- Unreasonable font sizes
- Inconsistent spacing
What about proportion and symmetry?
If one part of your logo outweighs the other, it best balances it. An excellent example of the proportions of details is the Starbucks logo. The details in the face, the crown, and the fins are so balanced and coherent that it’s hard for anyone part to steal the show.
[Image Source: Pinterest]
Another important consideration to take care of is the aspect ratio. It wouldn’t be intelligent to make a logo that is either too horizontal or too vertical. Instead, your logo should work in portrait mode just as well as in landscape.
05. Add A Unique Touch
Be creative and conjure up something out of the ordinary. Every impactful logo always has something to it that makes it stand out.
Let’s Consider Some Of The Ways You Could Instill Uniqueness In Your Logo
i. Double Meaning Picture
You can take your creativity to the next level and employ a couple of images merged into one—the double visual entendre.
[Image Source: Crux Creative Solutions]
The logo of Wine Place puts this technique into effect perfectly. The thumbtack in the icon refers to “place,” while having a second look at it makes you realize that it also serves as an upside-down wine glass.
Using negative spaces, you can also pack your logo with an obscured image. Negative constitute spaces and areas around and between the main element of your logo.
Two good examples of utilizing negative spaces can be seen in FedEx and Spartan Golf Club logos. The hidden arrow in FedEx communicates that the company is quick and forward-thinking. On the other hand, the Spartan Golf Club beautifully integrates a spartan warrior and a golf swing in its logo.
ii. A Story Behind The Curtains
Some famous logos in the world involve more than what appears in front. There are certainly exciting stories behind their logos.
The logo of the Bluetooth technology suggests the story of a Danish King who liked to snack on blueberries.
Likewise, the three dots on Domino’s logo symbolize the three branches the restaurant had in total when this logo was designed.
Stirring a story with your logo will provide your brand with an opportunity to make the audience talk about it and get connected to it emotionally.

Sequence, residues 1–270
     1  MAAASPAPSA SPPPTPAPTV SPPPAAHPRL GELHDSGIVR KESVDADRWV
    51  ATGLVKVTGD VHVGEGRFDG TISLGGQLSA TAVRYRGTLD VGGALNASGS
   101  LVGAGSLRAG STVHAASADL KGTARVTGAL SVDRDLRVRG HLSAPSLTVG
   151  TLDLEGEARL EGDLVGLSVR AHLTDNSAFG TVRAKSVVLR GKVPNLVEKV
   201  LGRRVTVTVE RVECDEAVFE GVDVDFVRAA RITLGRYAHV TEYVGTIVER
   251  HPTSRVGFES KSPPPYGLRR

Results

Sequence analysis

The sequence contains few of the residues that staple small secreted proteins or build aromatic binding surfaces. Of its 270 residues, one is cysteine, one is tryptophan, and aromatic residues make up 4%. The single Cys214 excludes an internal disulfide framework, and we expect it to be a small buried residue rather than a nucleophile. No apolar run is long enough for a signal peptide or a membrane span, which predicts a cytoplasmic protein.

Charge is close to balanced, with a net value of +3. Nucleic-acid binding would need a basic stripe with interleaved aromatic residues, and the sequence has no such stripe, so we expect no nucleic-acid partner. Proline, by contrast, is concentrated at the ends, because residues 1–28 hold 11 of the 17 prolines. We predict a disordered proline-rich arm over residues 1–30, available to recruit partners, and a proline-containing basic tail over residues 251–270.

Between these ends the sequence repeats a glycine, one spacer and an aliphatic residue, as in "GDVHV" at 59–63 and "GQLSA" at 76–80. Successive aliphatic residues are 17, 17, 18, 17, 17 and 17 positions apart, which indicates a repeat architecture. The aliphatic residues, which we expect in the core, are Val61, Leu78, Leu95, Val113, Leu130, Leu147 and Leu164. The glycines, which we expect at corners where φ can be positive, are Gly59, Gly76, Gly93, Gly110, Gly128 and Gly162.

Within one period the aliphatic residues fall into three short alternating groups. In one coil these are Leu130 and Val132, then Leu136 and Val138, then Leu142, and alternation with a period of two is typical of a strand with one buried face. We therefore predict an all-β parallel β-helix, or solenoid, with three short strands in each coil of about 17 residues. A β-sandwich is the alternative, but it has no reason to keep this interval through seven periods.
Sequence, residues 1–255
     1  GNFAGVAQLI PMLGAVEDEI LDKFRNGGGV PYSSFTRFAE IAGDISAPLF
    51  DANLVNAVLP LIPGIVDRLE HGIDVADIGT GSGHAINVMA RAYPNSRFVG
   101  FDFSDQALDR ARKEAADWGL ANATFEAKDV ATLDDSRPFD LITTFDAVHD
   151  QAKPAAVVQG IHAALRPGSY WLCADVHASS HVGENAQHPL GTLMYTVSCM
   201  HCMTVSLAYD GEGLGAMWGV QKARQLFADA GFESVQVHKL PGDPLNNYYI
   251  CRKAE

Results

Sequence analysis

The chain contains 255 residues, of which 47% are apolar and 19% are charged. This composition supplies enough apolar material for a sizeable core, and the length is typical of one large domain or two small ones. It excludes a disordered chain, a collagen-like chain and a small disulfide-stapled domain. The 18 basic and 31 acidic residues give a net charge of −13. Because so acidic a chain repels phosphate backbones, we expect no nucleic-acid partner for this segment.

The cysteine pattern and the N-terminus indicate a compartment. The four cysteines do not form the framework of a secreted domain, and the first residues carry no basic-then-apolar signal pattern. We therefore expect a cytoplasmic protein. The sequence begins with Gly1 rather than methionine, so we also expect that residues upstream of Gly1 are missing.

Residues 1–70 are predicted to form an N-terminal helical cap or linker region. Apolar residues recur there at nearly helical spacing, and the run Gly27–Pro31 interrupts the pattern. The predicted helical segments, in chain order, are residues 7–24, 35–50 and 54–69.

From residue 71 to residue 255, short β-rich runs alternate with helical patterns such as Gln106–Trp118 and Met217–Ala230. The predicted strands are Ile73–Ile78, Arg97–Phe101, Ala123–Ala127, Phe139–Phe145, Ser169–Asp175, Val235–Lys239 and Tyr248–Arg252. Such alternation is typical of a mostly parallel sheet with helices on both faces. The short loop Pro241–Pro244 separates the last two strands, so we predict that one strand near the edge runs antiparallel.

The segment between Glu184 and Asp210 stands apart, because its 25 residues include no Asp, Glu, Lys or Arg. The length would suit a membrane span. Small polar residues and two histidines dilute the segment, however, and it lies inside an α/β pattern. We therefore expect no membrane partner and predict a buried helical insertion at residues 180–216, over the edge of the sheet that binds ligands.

iii. A Timeless Design
If you want your logo to last for the next 100 years, don’t buy into adding something that would eventually fade out.
Continental Valet Services features a key in its logo design. Unfortunately, this is a bad idea if longevity is sought because many modern cars don’t come with a key.
Horses, on the other hand, will stay strong, of course, but the polygon art style might not be a trendy option to go for in the years to come.
06. Keep It Simple And Balanced
“The ability to simplify means to eliminate the unnecessary so that the necessary may speak” — Hans Hoffman
According to Pam Moore, 5 to 7 observations are enough for anyone to get familiar with a logo. The simpler your logo is, the easier it will be to make it memorable for the target audience. That’s the whole point, isn’t it?
You must work with limited space and deliver style and substance within that. If any aspect of your logo doesn’t play a substantial role while interacting with the audience, remove it.
A study was conducted in which 156 people were made to draw certain logos from their memory. The logo of IKEA was drawn with the greatest accuracy. One quick look at the logo and you understand why that was the case.
Besides, omit to clutter your logos with over-the-top effects. Not only would they lose their essence in the black-and-white version, but it could leave an impression on the audience that the company is pretentious.
Logos like that of Apple and McDonalds offer the epitome of simplicity. More and more brands are refining their logos and inclining towards simplicity.
Wrapping It Up
Let’s take a moment to recall—begin with knowing your brand, then explore your options, get the colors right, analyze its versatility, add a unique touch, and finally, make sure it doesn’t contain unnecessary elements.
Creativity has no limits. So, once you establish yourself in a position where you know all the rules and tips, there is no issue in making bold decisions and taking the leap of faith.
Give us a chance to interact with you in the comment section, and let us know in the comment section if we missed out on anything important.